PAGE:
- Difficulty in getting up from a chair
- Trouble in climbing stairs or lifting arms
- Tired feeling after standing and walking
- Difficulty swallowing or breathing
- Muscle pain and soreness that seems to linger for a few weeks
- Elevations in muscle enzymes
- Fatigue (exhaustion)
- Frequent falls
- General feeling of being unwell
- Weight loss
- A red or pink rash present on the upper eyelids, face and neck, and on the backs of the hands and fingers in a few cases of infectious myositis or autoimmune myositis
- Swelling of the affected skin
- Puffiness and purplish coloring around the eyes
Symptoms may vary according to the causes of myositis, which include:
Infectious myositis: The most common symptoms of infectious myositis are caused by flu or a virus and include:
- High fever
- Severe swelling and pain over affected muscle
- Inability to move the affected body part
- Sore throat
- Runny nose
If infectious myositis is caused by trichinosis, symptoms, along with the aforementioned ones, may also include:
Benign acute myositis: Some of the most common symptoms include:
Myositis ossificans: You may notice a lump in the affected muscle. The mass may hurt when you press it. It usually happens several weeks after a muscle injury or bruising.
Drug-induced myositis: The symptoms start as soon as you take a new drug or a combination of drugs. The symptoms include:
- Muscle soreness
Apart from these symptoms, many other conditions that affect a myositis patient include:
- Inflammatory arthritis (pain and swelling of joints that gets worse with inactivity)
- Interstitial lung disease (inflammatory lung disease, causing cough and shortness of breath)
- Mechanic’s hands (thickening of the skin on the sides of the finger)
- Raynaud’s phenomenon (abrupt, episodic decrease in blood flow to one or several fingers causing discomfort in the fingers)
- Nail bed/cuticle inflammation (redness or pain along the nail beds)
Some other medical conditions that may have similar symptoms as myositis include:
What is myositis?
Myositis means inflammation or redness of the muscle. The inflammation damages the fibers of a muscle. Damaging the fibers weakens them by interfering with the ability of the muscles to contract.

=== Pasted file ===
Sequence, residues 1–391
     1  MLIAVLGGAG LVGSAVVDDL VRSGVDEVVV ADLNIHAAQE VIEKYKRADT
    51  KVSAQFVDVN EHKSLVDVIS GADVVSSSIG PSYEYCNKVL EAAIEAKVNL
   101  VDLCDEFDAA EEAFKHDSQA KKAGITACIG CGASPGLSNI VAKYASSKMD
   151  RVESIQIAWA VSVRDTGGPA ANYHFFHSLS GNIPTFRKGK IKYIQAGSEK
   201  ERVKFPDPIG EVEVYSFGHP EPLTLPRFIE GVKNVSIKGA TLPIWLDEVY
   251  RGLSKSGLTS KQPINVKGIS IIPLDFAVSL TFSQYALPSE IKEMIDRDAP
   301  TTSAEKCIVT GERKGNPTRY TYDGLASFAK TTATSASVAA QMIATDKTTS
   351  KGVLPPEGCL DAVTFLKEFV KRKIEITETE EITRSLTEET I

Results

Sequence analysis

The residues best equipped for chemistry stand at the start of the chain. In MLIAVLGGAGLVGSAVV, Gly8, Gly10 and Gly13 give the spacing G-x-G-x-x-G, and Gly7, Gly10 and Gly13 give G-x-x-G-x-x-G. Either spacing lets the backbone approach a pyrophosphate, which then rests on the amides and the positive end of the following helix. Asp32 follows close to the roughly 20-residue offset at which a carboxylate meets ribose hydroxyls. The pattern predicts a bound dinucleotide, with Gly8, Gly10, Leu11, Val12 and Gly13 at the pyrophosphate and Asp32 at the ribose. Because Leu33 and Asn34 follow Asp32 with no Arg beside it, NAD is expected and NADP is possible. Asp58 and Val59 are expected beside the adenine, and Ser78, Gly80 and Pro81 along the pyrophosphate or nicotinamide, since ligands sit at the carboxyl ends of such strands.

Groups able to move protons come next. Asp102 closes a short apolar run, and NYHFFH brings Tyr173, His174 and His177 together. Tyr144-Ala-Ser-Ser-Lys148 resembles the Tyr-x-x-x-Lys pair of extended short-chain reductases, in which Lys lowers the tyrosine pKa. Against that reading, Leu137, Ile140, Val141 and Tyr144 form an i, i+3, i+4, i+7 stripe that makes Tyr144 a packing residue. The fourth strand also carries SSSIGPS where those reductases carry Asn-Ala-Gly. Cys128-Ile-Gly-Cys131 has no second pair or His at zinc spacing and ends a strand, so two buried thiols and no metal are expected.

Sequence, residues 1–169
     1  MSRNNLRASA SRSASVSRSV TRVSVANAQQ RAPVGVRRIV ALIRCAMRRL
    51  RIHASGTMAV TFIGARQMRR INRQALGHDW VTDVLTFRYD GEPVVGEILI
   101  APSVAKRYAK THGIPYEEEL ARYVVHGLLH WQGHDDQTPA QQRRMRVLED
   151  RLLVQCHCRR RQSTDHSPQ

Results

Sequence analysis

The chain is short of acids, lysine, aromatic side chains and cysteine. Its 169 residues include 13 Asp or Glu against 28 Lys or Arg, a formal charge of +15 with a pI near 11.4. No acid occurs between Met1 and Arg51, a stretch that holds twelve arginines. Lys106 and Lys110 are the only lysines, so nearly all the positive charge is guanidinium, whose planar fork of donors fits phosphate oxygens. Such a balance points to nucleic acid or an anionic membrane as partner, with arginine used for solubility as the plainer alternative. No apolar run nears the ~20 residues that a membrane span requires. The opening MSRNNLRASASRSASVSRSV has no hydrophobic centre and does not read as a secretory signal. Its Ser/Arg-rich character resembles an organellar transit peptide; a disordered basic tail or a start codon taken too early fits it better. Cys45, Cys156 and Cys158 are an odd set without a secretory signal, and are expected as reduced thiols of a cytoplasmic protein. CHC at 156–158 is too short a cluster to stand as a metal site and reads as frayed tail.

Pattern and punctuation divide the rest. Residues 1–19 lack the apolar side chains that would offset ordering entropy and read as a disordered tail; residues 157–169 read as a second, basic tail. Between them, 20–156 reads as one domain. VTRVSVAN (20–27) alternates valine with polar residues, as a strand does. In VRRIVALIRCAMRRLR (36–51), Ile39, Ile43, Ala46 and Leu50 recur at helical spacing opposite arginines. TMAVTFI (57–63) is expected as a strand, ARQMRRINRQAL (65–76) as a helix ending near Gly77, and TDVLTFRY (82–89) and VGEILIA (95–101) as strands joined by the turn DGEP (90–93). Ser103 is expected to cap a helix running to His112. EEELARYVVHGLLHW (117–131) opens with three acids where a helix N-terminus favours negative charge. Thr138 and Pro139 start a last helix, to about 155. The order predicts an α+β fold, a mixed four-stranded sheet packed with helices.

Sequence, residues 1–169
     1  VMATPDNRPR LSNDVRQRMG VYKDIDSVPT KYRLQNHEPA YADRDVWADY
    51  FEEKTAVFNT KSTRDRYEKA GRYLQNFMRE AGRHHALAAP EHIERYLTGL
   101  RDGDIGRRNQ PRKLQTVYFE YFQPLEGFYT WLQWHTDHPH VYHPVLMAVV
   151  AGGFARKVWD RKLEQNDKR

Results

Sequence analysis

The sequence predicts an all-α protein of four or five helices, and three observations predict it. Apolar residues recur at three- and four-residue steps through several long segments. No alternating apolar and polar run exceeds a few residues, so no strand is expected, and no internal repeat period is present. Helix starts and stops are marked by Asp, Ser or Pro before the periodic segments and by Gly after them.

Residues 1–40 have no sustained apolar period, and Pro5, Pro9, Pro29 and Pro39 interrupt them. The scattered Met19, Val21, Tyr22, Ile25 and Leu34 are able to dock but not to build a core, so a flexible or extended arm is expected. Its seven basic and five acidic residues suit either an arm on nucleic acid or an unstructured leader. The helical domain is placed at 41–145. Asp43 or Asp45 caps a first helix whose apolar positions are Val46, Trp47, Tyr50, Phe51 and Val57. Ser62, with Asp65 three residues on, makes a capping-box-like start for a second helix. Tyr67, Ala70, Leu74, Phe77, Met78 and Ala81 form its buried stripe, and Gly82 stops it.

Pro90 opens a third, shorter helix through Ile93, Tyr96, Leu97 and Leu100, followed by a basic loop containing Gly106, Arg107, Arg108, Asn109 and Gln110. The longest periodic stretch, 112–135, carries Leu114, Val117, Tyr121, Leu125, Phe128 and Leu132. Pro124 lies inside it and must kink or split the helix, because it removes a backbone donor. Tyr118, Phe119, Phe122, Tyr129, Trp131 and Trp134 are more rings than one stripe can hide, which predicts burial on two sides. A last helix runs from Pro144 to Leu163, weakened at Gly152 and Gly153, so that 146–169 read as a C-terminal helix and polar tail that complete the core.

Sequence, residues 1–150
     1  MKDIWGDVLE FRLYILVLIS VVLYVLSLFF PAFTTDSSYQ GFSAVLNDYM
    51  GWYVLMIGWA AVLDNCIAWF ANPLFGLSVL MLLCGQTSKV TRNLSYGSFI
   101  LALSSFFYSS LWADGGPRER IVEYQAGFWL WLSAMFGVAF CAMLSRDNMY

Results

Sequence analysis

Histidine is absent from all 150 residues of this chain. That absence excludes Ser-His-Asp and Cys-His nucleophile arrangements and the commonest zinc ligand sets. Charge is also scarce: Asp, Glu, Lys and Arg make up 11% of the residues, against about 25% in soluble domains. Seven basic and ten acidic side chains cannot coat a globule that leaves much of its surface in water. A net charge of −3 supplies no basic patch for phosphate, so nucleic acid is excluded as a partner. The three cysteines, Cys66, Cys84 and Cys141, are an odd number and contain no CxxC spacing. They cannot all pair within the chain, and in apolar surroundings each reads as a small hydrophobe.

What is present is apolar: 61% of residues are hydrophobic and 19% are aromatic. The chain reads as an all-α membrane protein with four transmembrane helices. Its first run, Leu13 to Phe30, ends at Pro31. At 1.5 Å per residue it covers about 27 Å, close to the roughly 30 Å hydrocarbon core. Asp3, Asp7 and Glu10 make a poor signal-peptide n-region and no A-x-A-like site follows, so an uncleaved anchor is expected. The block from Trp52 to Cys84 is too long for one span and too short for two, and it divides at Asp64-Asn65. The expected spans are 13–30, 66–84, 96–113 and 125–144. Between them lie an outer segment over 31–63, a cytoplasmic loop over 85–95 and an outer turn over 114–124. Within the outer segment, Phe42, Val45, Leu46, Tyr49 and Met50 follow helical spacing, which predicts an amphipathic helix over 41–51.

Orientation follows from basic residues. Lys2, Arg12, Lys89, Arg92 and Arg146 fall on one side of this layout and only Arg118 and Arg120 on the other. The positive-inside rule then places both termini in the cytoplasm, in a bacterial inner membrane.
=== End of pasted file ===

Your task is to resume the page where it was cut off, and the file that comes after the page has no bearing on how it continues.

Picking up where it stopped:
The different types of myositis include:
- Idiopathic inflammatory myopathies: The exact cause of this type of muscle inflammation is unknown (idiopathic). These may be seen if the body produces proteins against its own muscle cells. There are three types of idiopathic inflammatory myositis:
- Infectious myositis: It sometimes occurs after an infection. Some of the common cause of infectious myositis include:
- Benign acute myositis: It generally occurs in children and occurs suddenly after flu or some respiratory infection. Though the symptoms may be daunting, it usually disappears within a few days.
- Myositis ossificans: It is seen after a trauma or accident. In this type of muscle inflammation, a lump of bony material forms inside a muscle.
- Drug-induced myositis: In this type, muscle inflammation occurs as a side effect of a medication or a combination of medicines. It is most commonly seen after taking HIV drugs or antiviral therapy.
How is myositis treated?
Treatment of myositis depends on the cause of the muscle inflammation.
- Idiopathic inflammatory myopathies: The physician usually begins treatment with:
- Infectious myositis: The physician usually prescribes
- Antivirals to treat a viral infection.
- Antifungals to kill trichinosis parasites.
- Antibiotics to treat bacterial infection.
- Plenty of rest and drink plenty of fluids.
- Benign acute myositis: The physician may prescribe pain killers to treat pain.
- Myositis ossificans: The physician may recommend surgery to remove the lump if it doesn’t disappear within few days.
- Drug-induced myositis: The physician will discontinue the drug, causing muscle inflammation.
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